Gastrointestinal duplication is a rare congenital disease which affected more commonly the ileum, while the stomach is rarely involved. Generally diagnosed in paediatric or young age, it could be difficult to suspect a gastrointestinal duplication in adults. Herein, we report a 55-year-old male with a gastric duplication cyst found on routinely checkup for chronic hepatitis and first misdiagnosed as a gastrointestinal stromal tumor (GIST); we also discuss its embryology.

1. Introduction

Gastrointestinal duplication is a rare congenital disease defined as a spherical hallow structure with a smooth muscle coat, lined by a mucus membrane and attached to any part of the gastrointestinal tract from the base of the tongue to the anus; because these malformations are formed before differentiation of the lining epithelium, they are named for the organs with which they are associated [1]. Most common involved sites are ileum followed, in order of frequency, by oesophagus, jejunum, stomach, and colon [2]. Gastric duplication cysts are very uncommon with a reported incidence of 4%–8% among all gastrointestinal duplication cysts [3].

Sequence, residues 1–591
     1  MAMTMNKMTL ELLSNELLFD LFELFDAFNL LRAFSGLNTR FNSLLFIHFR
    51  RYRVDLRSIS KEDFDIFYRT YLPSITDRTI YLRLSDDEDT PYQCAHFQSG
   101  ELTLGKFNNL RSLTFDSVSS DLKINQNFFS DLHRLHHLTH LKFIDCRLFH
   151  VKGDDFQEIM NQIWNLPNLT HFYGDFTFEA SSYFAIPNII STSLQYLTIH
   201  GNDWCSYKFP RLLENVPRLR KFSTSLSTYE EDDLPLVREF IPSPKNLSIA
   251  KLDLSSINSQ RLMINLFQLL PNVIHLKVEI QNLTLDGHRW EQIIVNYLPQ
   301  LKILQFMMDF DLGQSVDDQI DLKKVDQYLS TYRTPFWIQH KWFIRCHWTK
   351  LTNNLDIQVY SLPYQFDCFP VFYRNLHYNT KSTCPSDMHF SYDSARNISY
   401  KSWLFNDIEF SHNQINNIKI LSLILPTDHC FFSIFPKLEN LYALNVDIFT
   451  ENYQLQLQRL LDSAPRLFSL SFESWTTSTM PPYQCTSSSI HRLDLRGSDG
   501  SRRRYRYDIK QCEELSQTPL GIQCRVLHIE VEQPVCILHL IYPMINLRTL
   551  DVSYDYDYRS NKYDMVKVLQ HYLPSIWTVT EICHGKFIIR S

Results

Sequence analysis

Herein, we report a gastric duplication cyst in a 55-year-old man first misdiagnosed as a gastrointestinal stromal tumor (GIST) and discuss its embryological origin.

2. Case Presentation

A 55-year-old man suffering from B type chronic hepatitis treated with antiretroviral drugs was found to have a hypoechoic round-shaped mass sized 4.7 cm, with regular margins, during an abdominal ultrasonography performed for scheduled checkup. The mass was located between the left liver lobe and the anterior surface of the pancreatic body.

The patient did not complain of any symptoms about gastrointestinal tract.